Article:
The Internet is an efficient information search tool whose growth may have caused a structural change in information search and acquisition behaviors.
This study investigates the effects of growing Internet accessibility on these behaviors. Using U.S. public library circulation counts to quantify changes in the use of information resources, the analysis indicates that greater Internet accessibility contributes to increased demand for traditional information sources.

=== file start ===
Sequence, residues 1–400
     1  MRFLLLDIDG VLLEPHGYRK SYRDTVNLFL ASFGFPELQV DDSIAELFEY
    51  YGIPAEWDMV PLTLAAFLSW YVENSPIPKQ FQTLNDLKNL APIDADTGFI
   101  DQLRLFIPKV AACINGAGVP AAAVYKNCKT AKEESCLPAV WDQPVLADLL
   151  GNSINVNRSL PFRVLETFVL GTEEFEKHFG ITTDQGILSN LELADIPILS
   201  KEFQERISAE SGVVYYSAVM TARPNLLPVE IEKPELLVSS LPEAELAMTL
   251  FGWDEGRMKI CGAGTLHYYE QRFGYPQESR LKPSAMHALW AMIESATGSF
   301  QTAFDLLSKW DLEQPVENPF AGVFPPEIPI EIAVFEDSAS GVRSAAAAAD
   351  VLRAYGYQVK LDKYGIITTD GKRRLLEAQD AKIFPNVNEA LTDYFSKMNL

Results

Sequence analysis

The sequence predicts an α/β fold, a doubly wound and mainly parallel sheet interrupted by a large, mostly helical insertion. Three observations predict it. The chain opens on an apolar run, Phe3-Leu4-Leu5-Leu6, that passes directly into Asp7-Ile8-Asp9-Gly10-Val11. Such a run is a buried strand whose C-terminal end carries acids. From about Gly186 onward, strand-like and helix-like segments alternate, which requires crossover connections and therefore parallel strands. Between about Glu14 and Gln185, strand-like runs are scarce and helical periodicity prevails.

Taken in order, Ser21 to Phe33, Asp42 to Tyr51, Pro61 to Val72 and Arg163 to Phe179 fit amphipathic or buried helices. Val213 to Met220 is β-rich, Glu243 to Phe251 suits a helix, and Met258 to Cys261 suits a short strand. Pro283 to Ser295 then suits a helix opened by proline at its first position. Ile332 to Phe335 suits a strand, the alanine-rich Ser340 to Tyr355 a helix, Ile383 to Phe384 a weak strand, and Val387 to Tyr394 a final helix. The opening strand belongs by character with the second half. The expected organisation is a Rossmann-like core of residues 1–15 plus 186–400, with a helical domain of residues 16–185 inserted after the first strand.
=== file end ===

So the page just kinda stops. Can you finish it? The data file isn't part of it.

That is, a complementary relationship exists between Internet and traditional sources. Further, the results suggest that limiting Internet access can reduce the demand for traditional content. These outcomes imply that improvements in Internet accessibility can have profound effects on human capital development.